Teaching Innovation Awards Winner

University of Brighton

School of Applied Sciences
Dr. Neil Crooks, Dr. Inga Zeisset, Mr. Aidan Barker
Headshot of Dr. Neil Crooks
Headshot of Dr. Inga Zeisset
Headshot of Aidan Barker


LearnSci were approached as a solution to marking problems faced by a small team with a large cohort. Smart Worksheets (SWs) are currently used by another team in the school and were recommended as a possible solution. The primary concern was that SWs would simply offer a process of uniformly filling in gaps and would not challenge students. Discussing this in detail and highlighting concerns with Aidan it was clear the SWs could be utilised in a much more innovative way with a multi-faceted approach.

Two assessments were identified, root tip mitosis and mark-recapture (historically students have struggled writing up these two activities). The fundamental principles were to increase student confidence, make student data go farther and to support their analysis of data within a spreadsheet with a SW. Both worksheets followed the same principle, the only difference for root tip mitosis was that it was innovatively set up to produce a unique randomised image of a root tip slide for each student, allowing students to practice the activity of identification and calculation of mitotic index prior to the laboratory without relying on peers for the answers. This also enabled them to see if their sample preparation had worked whilst in the laboratory.

We devised a series of explorative data sets with the key concept being how we can make the students data go further, with contribution to a wider data set. The concept was to build in a process whereby the entire cohort (~140 students) input their own data, compiling a large group data set on the worksheet. This allowed a robust analysis for both worksheets and the larger data set required students to calculate a confidence interval. We also introduced a further calculation section, which aimed to support the use of spreadsheets with SWs, the first time a SW has been designed to allow students to receive feedback from the use of a spreadsheet rather than inputting data from a calculator. The worksheet also contained a violin chart that was set to update with values as the student proceeded through the SW, thereby making the experience more interactive and developmental.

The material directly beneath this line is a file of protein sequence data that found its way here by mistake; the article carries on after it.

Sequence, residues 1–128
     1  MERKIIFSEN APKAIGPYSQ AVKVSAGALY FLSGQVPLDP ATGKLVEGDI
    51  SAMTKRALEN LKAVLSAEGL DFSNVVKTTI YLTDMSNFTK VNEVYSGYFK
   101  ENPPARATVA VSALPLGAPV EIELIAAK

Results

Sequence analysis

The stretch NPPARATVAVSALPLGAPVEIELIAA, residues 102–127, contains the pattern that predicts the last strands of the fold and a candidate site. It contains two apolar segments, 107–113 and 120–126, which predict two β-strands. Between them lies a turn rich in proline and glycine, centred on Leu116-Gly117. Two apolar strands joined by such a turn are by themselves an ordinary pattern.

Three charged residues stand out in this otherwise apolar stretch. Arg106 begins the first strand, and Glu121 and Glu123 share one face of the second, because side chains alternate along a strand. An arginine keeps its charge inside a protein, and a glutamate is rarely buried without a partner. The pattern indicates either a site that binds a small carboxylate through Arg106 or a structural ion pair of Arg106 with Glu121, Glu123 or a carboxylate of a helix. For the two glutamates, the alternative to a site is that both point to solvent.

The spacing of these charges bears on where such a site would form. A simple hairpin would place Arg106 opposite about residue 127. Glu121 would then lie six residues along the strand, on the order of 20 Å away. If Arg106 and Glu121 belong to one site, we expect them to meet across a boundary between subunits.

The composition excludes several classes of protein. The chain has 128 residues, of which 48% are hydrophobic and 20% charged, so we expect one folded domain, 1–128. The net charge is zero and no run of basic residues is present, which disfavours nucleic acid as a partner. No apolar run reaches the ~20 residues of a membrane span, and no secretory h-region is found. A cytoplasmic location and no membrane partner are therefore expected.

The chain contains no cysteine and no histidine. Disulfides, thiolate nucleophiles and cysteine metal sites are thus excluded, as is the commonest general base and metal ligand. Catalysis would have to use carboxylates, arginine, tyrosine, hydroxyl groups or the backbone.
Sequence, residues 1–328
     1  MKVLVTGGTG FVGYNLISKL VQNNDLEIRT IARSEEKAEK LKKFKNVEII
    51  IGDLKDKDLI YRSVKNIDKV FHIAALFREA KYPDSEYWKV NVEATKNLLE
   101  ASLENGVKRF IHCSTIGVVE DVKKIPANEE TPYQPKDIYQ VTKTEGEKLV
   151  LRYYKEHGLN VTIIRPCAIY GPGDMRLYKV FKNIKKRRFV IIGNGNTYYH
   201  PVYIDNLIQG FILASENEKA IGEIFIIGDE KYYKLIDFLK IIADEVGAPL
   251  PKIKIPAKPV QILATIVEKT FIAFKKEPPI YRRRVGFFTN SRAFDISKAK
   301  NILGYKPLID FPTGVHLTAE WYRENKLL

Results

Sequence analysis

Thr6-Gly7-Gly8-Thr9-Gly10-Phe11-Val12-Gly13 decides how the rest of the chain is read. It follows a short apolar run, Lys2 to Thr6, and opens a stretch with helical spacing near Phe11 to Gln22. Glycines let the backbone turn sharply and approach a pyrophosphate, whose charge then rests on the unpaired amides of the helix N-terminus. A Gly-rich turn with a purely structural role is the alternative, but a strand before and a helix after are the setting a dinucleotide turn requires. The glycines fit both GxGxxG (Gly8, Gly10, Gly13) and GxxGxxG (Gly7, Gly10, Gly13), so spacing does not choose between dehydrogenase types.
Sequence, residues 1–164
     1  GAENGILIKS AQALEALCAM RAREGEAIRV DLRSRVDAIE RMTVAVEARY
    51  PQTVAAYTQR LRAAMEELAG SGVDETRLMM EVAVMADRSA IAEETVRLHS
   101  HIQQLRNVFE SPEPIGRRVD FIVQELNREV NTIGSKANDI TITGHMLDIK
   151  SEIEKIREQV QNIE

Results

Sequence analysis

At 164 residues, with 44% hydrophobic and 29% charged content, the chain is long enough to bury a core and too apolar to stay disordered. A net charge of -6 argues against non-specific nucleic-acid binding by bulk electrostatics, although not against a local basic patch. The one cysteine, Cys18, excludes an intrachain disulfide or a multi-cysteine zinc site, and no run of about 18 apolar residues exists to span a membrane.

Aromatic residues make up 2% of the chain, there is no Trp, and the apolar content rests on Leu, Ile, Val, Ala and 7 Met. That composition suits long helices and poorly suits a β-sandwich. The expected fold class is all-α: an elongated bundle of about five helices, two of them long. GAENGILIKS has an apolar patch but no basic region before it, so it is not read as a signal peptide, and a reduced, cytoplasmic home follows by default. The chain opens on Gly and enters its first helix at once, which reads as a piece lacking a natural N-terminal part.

This multi-faceted and innovative approach enabled a truly interactive experience and allowed the students to work with larger and more complex data sets. Students said they found the worksheet tasks challenging, making them think critically, but that they allowed them to build confidence. We anticipated that the students may find these activities simple to complete, but it seems the innovative set-up has really driven students to interact fully with the assessments. The aim of the laboratory sessions has always been to link to the data handling module and we were able to align the use of spreadsheets and the calculation and understanding of confidence intervals to activities used in the SWs. It is clear that the three principles highlighted above were achieved with great success and that SWs can hugely benefit student learning. These innovations are now being considered by other colleagues in the school who utilise SWs.